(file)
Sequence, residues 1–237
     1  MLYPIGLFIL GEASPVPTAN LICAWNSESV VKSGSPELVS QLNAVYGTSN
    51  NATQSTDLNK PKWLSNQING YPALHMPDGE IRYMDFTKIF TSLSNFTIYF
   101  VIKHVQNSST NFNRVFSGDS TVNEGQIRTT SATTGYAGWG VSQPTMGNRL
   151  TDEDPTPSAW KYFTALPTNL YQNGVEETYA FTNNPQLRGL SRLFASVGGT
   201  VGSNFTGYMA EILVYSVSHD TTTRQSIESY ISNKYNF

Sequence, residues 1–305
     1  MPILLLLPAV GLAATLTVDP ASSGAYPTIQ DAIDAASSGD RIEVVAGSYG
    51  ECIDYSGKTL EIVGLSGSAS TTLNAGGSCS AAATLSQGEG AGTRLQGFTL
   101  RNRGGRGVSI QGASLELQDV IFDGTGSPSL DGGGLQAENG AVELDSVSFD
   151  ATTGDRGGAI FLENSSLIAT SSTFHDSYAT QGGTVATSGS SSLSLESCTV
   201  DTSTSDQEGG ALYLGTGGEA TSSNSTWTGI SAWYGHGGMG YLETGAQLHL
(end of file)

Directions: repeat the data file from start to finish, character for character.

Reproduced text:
Sequence, residues 1–237
     1  MLYPIGLFIL GEASPVPTAN LICAWNSESV VKSGSPELVS QLNAVYGTSN
    51  NATQSTDLNK PKWLSNQING YPALHMPDGE IRYMDFTKIF TSLSNFTIYF
   101  VIKHVQNSST NFNRVFSGDS TVNEGQIRTT SATTGYAGWG VSQPTMGNRL
   151  TDEDPTPSAW KYFTALPTNL YQNGVEETYA FTNNPQLRGL SRLFASVGGT
   201  VGSNFTGYMA EILVYSVSHD TTTRQSIESY ISNKYNF

Sequence, residues 1–305
     1  MPILLLLPAV GLAATLTVDP ASSGAYPTIQ DAIDAASSGD RIEVVAGSYG
    51  ECIDYSGKTL EIVGLSGSAS TTLNAGGSCS AAATLSQGEG AGTRLQGFTL
   101  RNRGGRGVSI QGASLELQDV IFDGTGSPSL DGGGLQAENG AVELDSVSFD
   151  ATTGDRGGAI FLENSSLIAT SSTFHDSYAT QGGTVATSGS SSLSLESCTV
   201  DTSTSDQEGG ALYLGTGGEA TSSNSTWTGI SAWYGHGGMG YLETGAQLHL